• Write R scripts to analyze data
At the end of the course student will be able to...
  • Design/develop a script in the R-programming language that read, manipulate, analyse and visualise data

  • Interpret and critically analyze results, emphasizing the most relevant conclusions both from a technical and from an interpretative point of view.
  • Effectively present the output, using suitable visualization tools allowing an immediate and unbiased understanding of the most salient features in data.

Teaching methods
  • Face-to-face lectures
  • Exercises (exercises, database, software etc.)
  • Group assignments
  • Interactive class activities (role playing, business game, simulation, online forum, instant polls)

The course is articulated into different types of teaching methods:

  • Theory. Lessons introducing the most relevant theoretical concepts relative to each technique.
  • Theory&app. Lessons illustrating and discussing the appropriate application of the technique with reference to a specific problem and set of data. The choices left to the analyst and the possible available methods are presented. Criteria to evaluate and compare results are discussed.
  • R-labs. Lessons illustrating and discussing the scripts in the R-programming language employed to obtain the results discussed during the theory&app lessons.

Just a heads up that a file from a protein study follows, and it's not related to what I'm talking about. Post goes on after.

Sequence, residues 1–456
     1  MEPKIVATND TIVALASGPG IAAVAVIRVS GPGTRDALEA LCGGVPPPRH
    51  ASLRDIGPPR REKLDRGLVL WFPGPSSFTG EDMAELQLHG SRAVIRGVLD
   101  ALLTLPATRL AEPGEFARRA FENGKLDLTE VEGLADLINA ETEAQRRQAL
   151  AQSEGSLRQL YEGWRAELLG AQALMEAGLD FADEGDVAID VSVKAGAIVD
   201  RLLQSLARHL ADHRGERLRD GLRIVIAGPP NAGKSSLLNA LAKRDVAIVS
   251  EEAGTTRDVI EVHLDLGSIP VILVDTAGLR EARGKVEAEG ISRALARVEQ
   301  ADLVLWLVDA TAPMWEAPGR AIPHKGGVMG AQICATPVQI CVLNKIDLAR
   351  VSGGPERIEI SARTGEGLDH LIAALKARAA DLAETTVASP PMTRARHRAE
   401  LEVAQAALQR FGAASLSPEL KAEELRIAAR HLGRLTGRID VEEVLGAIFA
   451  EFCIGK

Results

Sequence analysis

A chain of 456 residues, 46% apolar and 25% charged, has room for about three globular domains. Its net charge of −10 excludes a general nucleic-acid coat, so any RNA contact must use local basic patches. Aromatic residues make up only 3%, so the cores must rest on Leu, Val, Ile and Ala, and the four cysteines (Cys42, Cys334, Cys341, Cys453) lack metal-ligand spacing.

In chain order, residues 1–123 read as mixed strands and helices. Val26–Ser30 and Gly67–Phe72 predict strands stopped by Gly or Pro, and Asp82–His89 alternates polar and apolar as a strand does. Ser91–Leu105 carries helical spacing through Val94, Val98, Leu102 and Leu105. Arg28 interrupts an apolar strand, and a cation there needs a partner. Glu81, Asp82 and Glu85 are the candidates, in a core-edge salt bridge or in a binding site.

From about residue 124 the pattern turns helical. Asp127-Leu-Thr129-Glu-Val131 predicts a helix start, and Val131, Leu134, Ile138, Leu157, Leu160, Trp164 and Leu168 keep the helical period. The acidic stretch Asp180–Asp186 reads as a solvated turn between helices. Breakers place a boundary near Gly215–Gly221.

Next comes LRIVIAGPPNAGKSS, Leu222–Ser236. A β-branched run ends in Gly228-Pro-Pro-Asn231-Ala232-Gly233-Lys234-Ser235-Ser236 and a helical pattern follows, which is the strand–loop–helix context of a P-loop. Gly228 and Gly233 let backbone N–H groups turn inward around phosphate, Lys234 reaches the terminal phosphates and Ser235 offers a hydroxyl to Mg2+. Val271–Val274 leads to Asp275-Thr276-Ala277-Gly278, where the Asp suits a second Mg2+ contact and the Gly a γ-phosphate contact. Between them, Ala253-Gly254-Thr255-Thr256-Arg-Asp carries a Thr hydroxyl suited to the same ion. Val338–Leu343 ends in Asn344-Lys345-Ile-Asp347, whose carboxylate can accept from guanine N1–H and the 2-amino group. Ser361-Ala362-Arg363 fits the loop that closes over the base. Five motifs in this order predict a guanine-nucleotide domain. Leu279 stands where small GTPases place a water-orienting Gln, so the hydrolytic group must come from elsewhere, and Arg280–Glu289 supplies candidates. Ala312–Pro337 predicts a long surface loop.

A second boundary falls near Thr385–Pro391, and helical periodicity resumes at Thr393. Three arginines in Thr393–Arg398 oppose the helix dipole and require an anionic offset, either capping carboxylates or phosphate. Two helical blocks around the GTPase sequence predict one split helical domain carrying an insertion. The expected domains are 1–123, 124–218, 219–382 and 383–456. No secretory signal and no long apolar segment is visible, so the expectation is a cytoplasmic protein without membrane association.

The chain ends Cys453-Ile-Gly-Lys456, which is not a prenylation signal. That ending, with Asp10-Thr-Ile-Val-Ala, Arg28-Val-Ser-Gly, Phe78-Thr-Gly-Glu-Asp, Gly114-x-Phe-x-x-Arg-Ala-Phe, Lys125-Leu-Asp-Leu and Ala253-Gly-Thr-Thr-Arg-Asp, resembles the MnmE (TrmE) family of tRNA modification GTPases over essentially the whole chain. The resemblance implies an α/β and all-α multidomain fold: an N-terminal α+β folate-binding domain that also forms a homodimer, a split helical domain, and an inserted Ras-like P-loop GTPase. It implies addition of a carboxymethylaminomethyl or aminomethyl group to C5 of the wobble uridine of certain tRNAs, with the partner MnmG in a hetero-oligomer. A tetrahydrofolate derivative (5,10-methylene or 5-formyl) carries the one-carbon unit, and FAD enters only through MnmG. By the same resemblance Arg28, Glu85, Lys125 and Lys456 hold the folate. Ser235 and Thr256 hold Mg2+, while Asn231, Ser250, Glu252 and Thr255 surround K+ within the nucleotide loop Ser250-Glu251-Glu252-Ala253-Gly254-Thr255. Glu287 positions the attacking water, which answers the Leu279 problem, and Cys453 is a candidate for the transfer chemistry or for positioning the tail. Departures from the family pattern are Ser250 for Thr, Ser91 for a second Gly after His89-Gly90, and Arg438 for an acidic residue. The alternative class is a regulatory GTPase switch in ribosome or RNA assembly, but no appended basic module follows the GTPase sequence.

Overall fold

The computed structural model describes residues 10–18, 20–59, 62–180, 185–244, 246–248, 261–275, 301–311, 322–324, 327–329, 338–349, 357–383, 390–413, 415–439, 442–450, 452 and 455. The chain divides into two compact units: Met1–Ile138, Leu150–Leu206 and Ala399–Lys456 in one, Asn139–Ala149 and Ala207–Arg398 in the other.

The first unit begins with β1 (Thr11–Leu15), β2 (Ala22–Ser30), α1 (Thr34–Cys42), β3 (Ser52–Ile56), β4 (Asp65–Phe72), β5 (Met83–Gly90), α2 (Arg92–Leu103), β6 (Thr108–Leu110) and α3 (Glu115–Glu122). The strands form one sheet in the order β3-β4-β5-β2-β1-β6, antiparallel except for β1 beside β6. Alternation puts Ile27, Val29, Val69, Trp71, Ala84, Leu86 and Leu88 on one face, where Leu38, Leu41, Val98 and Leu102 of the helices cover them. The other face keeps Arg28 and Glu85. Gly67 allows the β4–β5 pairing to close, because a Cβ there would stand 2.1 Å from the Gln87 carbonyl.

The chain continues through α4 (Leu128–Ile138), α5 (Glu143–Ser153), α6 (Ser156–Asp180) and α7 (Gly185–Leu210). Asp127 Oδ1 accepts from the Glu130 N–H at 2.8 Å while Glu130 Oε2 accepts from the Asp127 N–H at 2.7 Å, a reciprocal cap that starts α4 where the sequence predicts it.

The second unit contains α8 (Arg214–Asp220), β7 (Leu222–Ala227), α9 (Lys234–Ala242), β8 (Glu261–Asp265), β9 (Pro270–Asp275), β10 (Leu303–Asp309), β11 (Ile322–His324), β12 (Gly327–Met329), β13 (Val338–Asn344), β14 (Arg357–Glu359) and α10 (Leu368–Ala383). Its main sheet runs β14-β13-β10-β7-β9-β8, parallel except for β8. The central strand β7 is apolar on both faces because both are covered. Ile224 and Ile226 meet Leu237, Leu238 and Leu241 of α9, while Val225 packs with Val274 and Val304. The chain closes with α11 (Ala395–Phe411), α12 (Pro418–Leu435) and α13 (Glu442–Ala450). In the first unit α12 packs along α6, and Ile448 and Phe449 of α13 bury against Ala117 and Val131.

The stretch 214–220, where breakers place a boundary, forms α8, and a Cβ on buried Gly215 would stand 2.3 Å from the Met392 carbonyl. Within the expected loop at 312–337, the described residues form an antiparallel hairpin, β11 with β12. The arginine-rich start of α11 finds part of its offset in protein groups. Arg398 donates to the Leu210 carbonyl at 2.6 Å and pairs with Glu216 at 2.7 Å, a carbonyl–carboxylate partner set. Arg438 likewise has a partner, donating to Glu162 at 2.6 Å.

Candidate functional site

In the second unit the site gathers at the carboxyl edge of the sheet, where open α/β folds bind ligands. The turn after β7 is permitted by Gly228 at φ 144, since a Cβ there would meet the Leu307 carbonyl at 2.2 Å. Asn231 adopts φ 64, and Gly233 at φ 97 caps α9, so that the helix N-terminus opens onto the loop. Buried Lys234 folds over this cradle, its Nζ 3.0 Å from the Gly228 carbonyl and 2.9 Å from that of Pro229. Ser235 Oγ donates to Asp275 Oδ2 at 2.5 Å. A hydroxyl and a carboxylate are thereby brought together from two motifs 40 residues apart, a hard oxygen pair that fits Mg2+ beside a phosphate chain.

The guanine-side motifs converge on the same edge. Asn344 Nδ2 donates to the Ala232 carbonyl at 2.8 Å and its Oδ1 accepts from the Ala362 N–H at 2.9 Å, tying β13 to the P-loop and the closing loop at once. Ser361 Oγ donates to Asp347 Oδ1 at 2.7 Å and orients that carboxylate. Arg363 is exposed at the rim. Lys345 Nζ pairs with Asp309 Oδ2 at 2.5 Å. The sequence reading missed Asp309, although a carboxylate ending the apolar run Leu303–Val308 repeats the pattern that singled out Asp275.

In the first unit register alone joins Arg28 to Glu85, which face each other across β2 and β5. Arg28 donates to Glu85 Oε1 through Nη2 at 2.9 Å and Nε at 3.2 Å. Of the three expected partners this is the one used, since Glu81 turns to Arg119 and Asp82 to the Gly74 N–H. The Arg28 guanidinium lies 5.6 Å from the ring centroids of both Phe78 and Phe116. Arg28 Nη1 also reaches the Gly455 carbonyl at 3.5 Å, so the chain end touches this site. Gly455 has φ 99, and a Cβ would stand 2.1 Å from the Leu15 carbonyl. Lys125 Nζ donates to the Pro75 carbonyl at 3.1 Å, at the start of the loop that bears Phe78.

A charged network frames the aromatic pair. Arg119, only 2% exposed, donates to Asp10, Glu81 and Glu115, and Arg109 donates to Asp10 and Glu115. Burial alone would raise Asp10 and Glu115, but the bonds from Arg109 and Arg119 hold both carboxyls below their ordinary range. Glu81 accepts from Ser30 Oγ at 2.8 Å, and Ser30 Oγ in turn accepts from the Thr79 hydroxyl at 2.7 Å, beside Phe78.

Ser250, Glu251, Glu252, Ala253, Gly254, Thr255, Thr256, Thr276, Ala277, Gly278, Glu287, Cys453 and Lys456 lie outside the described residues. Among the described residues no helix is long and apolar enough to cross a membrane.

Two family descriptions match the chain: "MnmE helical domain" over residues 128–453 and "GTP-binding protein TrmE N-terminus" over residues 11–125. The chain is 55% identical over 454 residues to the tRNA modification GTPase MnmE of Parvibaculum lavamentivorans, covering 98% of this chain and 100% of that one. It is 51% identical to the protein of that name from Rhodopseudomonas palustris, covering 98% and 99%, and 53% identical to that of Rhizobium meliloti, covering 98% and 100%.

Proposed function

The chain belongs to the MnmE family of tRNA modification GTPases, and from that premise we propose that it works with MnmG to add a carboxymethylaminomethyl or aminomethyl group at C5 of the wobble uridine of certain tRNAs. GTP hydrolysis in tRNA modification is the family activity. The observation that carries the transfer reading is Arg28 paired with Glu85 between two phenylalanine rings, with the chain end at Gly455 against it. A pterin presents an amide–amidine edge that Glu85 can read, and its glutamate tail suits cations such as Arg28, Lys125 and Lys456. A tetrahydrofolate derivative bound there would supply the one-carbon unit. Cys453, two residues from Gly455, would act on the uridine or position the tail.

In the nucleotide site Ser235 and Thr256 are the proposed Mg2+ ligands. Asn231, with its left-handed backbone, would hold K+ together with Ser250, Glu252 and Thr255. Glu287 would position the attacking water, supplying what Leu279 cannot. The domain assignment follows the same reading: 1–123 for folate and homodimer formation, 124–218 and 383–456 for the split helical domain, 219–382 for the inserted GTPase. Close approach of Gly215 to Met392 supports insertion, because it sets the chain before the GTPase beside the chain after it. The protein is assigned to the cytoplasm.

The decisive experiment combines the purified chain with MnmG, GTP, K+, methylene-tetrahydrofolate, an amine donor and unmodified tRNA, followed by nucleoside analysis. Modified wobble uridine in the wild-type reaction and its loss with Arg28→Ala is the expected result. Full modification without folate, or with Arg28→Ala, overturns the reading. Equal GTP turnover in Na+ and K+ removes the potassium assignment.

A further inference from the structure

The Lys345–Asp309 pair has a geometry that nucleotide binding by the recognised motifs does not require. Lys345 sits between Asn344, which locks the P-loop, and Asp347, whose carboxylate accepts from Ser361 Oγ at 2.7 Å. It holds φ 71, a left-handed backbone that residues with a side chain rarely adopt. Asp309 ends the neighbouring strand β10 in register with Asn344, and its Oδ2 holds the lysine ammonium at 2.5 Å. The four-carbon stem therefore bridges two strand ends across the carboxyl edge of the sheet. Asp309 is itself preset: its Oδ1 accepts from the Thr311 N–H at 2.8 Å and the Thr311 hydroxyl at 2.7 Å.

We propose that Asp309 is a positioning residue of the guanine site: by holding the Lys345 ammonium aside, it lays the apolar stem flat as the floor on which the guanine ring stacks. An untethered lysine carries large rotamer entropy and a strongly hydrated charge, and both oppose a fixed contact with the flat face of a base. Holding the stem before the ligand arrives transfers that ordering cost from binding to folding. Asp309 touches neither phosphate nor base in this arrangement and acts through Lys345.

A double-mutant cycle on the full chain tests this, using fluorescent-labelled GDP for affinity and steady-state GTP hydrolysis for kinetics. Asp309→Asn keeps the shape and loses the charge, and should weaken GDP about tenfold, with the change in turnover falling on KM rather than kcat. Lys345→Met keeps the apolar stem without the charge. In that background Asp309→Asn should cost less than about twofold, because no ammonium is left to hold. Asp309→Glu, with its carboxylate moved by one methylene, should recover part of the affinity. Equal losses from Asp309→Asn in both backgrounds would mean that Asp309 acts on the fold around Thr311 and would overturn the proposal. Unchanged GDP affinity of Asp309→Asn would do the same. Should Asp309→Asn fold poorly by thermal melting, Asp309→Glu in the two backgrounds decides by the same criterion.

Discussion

• Hands-on. In-class assignments whereby students divided into groups are required to analyze a set of data. In particular attention is focused on:
    • Proper definition of a suitable path of analysis.
    • Development from the scratch of a program allowing the analysis of data using standard functions and macro functions created for the course.
    • Discussion of results and comparison of alternative strategies.
    • Criteria to choose one out of the available solutions.
    • Visualization, interpretation and discussion of results.
  • Discussion. Interactive class activities where students discuss the analysis developed during the hands-on classes. Instant polls and tests are used to identify the alternative views and choices, that are contrasted and discussed afterwards.

Assessment methods
  Continuous assessment Partial exams General exam
  • Written individual exam (traditional/online)
  •   x x
  • Individual assignment (report, exercise, presentation, project work etc.)
  •     x
  • Group assignment (report, exercise, presentation, project work etc.)